2hand Alaska, what is it? This is a question we are asked all the time. 2hand Alaska is a phrase that we came up with here at the shop to show our desire and support of Spey style fishing in Alaska. What started on the back of a t-shirt has morphed into a phrase we like to use all the time.

2hand rods or Spey fishing originated in the mid 1800’s in Scotland, it was named after the river Spey. While spey casting is far from new, it has grown tremendously over the last five years in Alaska. There are three basic styles people like to use, Long Belly (original style), Scandinavian and Skagit. While all three styles have their place, we here at Mossy’s are Skagit guys. What is Skagit? Skagit casting utilizes shorter, heavier heads that are designed to turn over sink tips and bigger flies as well as cast in tighter areas with little to no back cast room, which is a lot of Alaska.

Why do we like 2handed rods fishing so much? For me personally, it has increased my already huge passion for streamer fishing into a whole new world and perspective. I can cover so much more water and get into areas where I couldn’t get a big enough back cast to reach where the fish lie. Whether I am working a gravel bar or swinging from an anchored vessel, I can present my fly to more areas that hold fish than I could with a single hand rod and with a lot less effort to get it there. Swinging streamers has always been a passion for me but swinging them with a 2hand rod has made it an addiction more than a passion. The term “the tug is the drug” is a true and sincere statement for me.


2hand rods and lines today have dramatically evolved over the last 5-6 years. When I started this journey 10+ years ago (after watching a video of a guy casting one) there were only a few select rods to choose from and the line choices were were limited and their performance was marginal at best. Guys like Dec Hogan, Ed Ward, Jerry French, Tom Larimer and many others have spent endless hours in pioneering and developing what we know today as Skagit casting.

In Alaska, all our fish will eat a swung fly. Whether you are chasing Grayling, Trout, Steelhead, Dollies/Char or any of our anadromous salmon species. Alaska trout fishing is known for its famous salmon egg drop and huge number days of world class rainbows, but swinging up a once in a life time rainbow is a second to none experience. Salmon, and I mean all salmon, even the pesky sockeye salmon, are eager to please a swing fisherman. While King Salmon would rate as my favorite salmon to swing up, the other four species are a great rodeo.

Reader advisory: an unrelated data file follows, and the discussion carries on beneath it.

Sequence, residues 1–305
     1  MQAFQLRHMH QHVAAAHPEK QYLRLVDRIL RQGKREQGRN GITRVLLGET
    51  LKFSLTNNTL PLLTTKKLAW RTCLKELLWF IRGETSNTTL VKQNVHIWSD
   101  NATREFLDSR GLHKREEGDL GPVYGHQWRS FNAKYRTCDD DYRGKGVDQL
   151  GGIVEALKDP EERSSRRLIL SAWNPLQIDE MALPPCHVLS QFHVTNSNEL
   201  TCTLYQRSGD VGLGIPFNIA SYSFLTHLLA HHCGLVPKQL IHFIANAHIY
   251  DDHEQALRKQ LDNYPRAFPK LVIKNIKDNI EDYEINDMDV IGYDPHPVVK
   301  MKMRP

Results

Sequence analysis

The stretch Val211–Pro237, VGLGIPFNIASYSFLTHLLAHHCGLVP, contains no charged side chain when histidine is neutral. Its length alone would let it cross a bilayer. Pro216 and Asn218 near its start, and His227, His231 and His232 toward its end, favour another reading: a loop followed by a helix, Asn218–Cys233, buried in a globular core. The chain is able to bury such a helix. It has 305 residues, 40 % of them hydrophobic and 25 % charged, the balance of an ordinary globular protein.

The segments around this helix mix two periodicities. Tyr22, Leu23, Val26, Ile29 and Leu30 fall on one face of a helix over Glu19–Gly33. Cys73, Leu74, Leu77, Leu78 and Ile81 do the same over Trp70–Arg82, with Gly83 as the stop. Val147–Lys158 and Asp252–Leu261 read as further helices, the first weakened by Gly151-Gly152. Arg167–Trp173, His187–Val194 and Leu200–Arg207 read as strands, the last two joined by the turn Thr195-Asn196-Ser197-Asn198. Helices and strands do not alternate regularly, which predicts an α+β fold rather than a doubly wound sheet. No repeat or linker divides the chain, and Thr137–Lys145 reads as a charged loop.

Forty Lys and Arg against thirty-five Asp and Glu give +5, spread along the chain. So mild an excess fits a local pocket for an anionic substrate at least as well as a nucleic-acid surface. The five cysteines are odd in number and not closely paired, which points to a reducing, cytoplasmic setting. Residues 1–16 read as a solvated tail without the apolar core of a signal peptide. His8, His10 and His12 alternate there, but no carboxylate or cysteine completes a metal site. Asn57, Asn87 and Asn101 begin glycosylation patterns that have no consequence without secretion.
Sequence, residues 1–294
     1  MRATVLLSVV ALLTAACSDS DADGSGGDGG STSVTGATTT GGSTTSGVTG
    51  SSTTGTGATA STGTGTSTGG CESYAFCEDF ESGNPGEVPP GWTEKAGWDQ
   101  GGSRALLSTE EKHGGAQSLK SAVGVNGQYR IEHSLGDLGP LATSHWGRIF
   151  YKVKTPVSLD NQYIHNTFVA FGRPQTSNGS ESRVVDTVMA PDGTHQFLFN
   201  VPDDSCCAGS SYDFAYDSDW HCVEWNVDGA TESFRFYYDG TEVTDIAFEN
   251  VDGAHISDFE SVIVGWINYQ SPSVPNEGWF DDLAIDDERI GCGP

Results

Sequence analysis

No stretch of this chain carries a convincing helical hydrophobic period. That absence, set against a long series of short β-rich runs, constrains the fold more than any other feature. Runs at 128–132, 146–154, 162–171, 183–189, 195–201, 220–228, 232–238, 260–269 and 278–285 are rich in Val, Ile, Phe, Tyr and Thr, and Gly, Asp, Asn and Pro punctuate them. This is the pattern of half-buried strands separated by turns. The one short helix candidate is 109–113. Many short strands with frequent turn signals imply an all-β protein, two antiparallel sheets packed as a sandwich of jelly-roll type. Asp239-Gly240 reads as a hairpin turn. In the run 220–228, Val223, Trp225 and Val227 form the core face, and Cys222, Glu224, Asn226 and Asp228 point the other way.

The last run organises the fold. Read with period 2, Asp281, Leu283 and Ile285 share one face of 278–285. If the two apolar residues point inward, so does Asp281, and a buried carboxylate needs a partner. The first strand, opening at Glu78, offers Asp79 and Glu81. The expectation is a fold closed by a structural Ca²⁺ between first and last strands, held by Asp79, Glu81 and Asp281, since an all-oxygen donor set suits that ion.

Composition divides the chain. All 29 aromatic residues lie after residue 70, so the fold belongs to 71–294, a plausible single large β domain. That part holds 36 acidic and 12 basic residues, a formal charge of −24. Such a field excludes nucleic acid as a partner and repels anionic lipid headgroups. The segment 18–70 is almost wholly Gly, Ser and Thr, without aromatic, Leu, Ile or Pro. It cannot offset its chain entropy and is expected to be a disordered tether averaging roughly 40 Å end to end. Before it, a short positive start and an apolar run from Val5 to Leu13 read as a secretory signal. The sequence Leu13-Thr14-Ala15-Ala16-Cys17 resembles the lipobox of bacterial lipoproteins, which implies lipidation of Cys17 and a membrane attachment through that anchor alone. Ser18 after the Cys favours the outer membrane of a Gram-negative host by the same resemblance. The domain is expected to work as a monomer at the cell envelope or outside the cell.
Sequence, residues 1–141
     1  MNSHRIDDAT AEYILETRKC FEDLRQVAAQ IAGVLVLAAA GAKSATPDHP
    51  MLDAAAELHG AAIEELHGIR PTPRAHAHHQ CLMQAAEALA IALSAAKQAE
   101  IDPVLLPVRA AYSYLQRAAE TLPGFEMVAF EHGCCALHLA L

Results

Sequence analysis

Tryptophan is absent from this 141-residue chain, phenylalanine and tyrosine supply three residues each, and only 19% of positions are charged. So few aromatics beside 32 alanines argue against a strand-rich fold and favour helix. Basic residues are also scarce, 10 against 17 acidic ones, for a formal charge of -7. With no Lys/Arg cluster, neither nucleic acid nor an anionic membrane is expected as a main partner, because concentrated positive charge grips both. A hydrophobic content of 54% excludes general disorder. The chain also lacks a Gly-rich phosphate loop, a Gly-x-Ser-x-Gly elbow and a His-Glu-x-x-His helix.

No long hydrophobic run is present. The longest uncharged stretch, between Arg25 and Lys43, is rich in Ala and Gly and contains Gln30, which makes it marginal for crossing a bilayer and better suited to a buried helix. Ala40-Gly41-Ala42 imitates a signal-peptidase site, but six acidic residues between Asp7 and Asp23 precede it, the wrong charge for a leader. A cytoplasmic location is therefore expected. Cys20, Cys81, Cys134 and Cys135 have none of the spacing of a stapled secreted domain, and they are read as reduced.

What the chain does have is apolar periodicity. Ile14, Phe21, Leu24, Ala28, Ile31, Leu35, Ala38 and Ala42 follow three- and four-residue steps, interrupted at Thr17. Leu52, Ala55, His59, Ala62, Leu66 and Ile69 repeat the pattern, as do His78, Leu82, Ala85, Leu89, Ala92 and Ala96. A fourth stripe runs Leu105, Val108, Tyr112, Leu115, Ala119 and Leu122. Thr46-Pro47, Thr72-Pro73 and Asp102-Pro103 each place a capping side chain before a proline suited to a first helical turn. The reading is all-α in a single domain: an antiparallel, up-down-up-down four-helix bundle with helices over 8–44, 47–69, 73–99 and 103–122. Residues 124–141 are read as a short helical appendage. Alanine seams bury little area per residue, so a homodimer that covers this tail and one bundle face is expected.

Rods used in Alaska vary from 6wts to 10wts, and range in length from 10’6” to 13’6” 6wts and 7wts are your typical trout/steelhead sticks and 8-10wts for salmon. 7wts are the most versatile sticks for Alaska. They can handle everything but Kings. While there are many variances in manufacture’s rods and sizing leaves for a lot of debate and opinions (why does this 6wt feel more like a 7wt), one thing holds true, you should match the rod with the fly size and tip selection that you need.


This group is growing fast and we are here to help you with your 2hand technique. Over the last few seasons we have brought up a well know casting instructor for a weekend of classes, Dec Hogan and Tom Larimer have been with us since we started this program and we are always looking to expand that list each year. We can also accommodate you with more personal one on one instruction out of the shop as well.

Spey fishing is a culture here at Mossy’s and we want to share our passion and invite you all into our culture we call 2Hand Alaska.